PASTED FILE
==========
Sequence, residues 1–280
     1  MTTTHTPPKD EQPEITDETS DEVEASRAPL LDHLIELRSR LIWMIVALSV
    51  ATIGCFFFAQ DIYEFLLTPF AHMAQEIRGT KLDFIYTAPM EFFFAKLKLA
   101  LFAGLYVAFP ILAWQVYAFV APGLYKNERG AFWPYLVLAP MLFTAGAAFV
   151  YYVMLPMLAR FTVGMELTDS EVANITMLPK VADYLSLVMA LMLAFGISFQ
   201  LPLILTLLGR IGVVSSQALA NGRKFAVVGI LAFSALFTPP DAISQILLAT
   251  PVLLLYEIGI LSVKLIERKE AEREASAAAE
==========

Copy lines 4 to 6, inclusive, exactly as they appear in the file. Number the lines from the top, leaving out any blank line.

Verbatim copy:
   101  LFAGLYVAFP ILAWQVYAFV APGLYKNERG AFWPYLVLAP MLFTAGAAFV
   151  YYVMLPMLAR FTVGMELTDS EVANITMLPK VADYLSLVMA LMLAFGISFQ
   201  LPLILTLLGR IGVVSSQALA NGRKFAVVGI LAFSALFTPP DAISQILLAT